Coach of the year. Why does it always end up being a guy who's in charge of a stacked team? How hard can it be to coach a team that's got the Sedins scoring crazy amounts of points? Just to put it in perspective, the twins' 192 points are only three less than Plekanec, Wisniewski, Kostitsyn and Cammalleri...the Habs' top four point producers...all together. The Jack Adams should go to a guy who takes an underachieving bunch and turns it into a contender. THAT'S coaching. I know the Canucks had a lot of injuries, but they're basically deeper than Deepak Chopra. Alain Vigneault didn't really have to do much. He even admitted this week's mini tirade at his team was the first time all year he had to yell at them. If I were voting for the Adams, I'd give it to a guy like Jacques Lemaire, who dragged the Devils out of the Pit of Despair, or Dan Bylsma, who has his team challenging for first in the East without Crosby or Malkin. Even Ron Wilson, who got the lowly leafs to within a sniff of the playoffs for the first time in six years, would be acceptable, or Jacques Martin, who's kept an injury riddled Habs squad in the top-eight all season.

Does anyone else hate "trendy" hockey talk? Two months ago, I'd never heard someone call a scrambly goal a "greasy" goal. Now, after one guy came up with that, everyone's using it. Same with fighting for the puck "down low" or using "goal prevention" tactics. We used to say "around the net" and "playing defence."

Speaking of stuff I hate, I can't stand the Habs marketing department. I've hated for years that they pimp the team's past glory to a generation who never got a chance to experience it, while completely ignoring the reality of the modern NHL. The marketers are mostly responsible for the unrealistic expectations of younger fans and the cult-like atmosphere around the team, which I'm sure the players find slightly scary. Also, they're dorky. Youppi, t-shirt cannons and now the dumb "put your game face on" promotion they're pushing for the playoffs are just not cool. Oh, yeah, if you haven't heard, the marketers are telling us we're all supposed to go out and paint tri-coloured stripes on our faces to prove we want the Canadiens to win in the post-season. I'll make a deal with you, marketers. If the Habs get to the Finals, I'll paint my whole damn body red, white and blue. Until then, let's keep the hype to a respectable level.

I know NHL players are pros, but I watched part of the the Devils/leafs game last night and I wondered how on earth they manage to stay motivated. It had to be absolutely crushing for them to give up their heart-filled, dream-inspiring runs to the playoffs and settle into the role of also-rans. Yet, they found some inspiration within themselves...pride, next year's paycheck, holding on to the hockey season just a bit drum up a good effort. You have to give credit to teams that can do that, even when it obviously doesn't count any more, and even when it's just the leafs and Devils.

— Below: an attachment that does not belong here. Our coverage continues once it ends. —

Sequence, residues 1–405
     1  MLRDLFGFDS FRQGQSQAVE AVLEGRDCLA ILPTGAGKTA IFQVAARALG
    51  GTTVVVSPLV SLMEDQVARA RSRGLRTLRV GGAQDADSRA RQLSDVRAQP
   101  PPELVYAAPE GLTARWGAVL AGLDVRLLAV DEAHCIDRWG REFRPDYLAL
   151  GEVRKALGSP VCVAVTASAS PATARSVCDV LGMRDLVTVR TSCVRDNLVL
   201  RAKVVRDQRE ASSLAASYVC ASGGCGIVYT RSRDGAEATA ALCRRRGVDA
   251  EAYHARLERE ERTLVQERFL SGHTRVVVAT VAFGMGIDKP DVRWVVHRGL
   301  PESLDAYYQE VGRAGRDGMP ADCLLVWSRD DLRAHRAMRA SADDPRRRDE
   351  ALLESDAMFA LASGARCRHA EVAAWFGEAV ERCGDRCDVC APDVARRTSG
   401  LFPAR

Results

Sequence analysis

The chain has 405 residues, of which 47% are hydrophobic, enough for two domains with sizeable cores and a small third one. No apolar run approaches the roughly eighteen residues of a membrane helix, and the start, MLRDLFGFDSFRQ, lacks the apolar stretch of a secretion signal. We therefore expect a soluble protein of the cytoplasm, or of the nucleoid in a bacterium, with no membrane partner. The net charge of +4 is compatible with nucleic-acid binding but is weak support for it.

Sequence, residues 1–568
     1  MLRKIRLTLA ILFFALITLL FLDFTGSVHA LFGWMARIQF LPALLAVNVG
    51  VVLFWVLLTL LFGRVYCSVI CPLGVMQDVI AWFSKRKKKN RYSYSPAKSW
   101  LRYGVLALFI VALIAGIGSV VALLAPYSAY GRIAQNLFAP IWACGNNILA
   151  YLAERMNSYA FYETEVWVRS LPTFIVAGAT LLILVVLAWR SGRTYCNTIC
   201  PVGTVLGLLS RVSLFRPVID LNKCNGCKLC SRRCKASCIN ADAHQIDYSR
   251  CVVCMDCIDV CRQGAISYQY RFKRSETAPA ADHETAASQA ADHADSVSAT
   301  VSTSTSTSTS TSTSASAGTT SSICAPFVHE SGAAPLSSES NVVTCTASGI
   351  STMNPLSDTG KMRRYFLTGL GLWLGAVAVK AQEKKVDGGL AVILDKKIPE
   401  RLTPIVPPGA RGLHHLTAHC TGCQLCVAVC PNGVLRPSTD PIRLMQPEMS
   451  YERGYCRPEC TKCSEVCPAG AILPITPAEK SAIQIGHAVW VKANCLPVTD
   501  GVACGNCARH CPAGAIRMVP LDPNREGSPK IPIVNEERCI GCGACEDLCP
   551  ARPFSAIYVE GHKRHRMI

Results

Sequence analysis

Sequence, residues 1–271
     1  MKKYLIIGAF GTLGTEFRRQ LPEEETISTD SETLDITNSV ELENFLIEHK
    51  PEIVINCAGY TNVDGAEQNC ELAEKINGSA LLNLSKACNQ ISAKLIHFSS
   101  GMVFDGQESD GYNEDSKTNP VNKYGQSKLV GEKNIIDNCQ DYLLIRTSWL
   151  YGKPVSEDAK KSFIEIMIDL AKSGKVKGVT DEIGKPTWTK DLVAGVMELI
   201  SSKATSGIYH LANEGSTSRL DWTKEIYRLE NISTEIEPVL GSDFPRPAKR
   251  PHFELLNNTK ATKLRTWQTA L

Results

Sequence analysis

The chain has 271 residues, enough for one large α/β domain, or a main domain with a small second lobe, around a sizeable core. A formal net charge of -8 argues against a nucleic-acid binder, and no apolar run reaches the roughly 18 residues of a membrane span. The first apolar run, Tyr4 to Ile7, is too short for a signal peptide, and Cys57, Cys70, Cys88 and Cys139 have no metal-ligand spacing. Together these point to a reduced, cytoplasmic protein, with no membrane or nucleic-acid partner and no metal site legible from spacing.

I was wrong about the Flames. Yes, they missed the playoffs as I predicted they would before the season began and I advocated for the Habs to trade for their first pick. They didn't, however, suck out loud the way I thought they would. They built a team with a bunch of retread free agents and former leafs to support Iginla, they have very few exciting young prospects in their system, and their star defenceman is a dud. I didn't see much hope for them to stay out of the basement, but it just goes to prove a team is more than the sum of its parts on paper.

It's a shame the NHL has to be all serious about anything that's any fun. What was the harm in Marty Turco making a bet with a fan in Montreal? It was for less than $30, and Turco wasn't even involved directly in the game. He was engaging a fan on a personal level, and they were having a laugh. Now the league is deciding whether it needs to reprimand Turco for betting on hockey. Seriously, it's not like he's Janet Gretzky or anything. Same thing when Ron Wilson put money on the board to encourage his new team to beat his old team. That's been going on forever, but the staid old NHL had to crack down on him for it because it contravened the salary cap. The NHL has no sense of humour, unless it's prepackaged in its shiny promotional campaigns, and even then, someone else is making the jokes for them.

I wonder if anyone at the NHL executive level recognizes the beauty of the game between the Canadiens and the Blackhawks the other night? The rarity of seeing two teams skate their asses off without any fights, stupid post-whistle scrums or retaliatory cheap shots after a clean hit made that game something special. It's the standard to which the league should aspire. It was so good, I was wishing I could watch it all over again. The sad part is that yesterday, after the euphoria wore off, I lost a bit of enthusiasm for the coming playoff round. The probability of playing the Bruins with their cheap-shot players and goon show coach means we won't see any more of the lovely, clean hockey we got from the 'Hawks. It'll be a grind from here on out, so I'm glad the Habs have the memory of that great Chicago game to sustain them through the playoffs.